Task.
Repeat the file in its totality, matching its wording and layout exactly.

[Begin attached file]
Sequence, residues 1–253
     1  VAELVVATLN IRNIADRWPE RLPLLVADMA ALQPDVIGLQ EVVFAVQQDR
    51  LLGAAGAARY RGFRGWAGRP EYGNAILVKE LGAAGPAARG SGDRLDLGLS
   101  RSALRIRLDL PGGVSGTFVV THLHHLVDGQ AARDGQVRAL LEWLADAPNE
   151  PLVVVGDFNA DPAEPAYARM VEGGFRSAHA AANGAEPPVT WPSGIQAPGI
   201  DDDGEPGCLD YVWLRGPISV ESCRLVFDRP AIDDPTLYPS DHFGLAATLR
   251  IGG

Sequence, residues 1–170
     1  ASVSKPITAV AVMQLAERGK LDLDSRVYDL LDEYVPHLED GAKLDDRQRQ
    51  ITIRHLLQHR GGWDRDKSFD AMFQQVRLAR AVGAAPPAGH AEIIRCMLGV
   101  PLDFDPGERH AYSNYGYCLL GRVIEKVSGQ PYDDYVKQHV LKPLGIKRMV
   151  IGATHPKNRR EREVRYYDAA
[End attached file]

Sequence, residues 1–253
     1  VAELVVATLN IRNIADRWPE RLPLLVADMA ALQPDVIGLQ EVVFAVQQDR
    51  LLGAAGAARY RGFRGWAGRP EYGNAILVKE LGAAGPAARG SGDRLDLGLS
   101  RSALRIRLDL PGGVSGTFVV THLHHLVDGQ AARDGQVRAL LEWLADAPNE
   151  PLVVVGDFNA DPAEPAYARM VEGGFRSAHA AANGAEPPVT WPSGIQAPGI
   201  DDDGEPGCLD YVWLRGPISV ESCRLVFDRP AIDDPTLYPS DHFGLAATLR
   251  IGG

Sequence, residues 1–170
     1  ASVSKPITAV AVMQLAERGK LDLDSRVYDL LDEYVPHLED GAKLDDRQRQ
    51  ITIRHLLQHR GGWDRDKSFD AMFQQVRLAR AVGAAPPAGH AEIIRCMLGV
   101  PLDFDPGERH AYSNYGYCLL GRVIEKVSGQ PYDDYVKQHV LKPLGIKRMV
   151  IGATHPKNRR EREVRYYDAA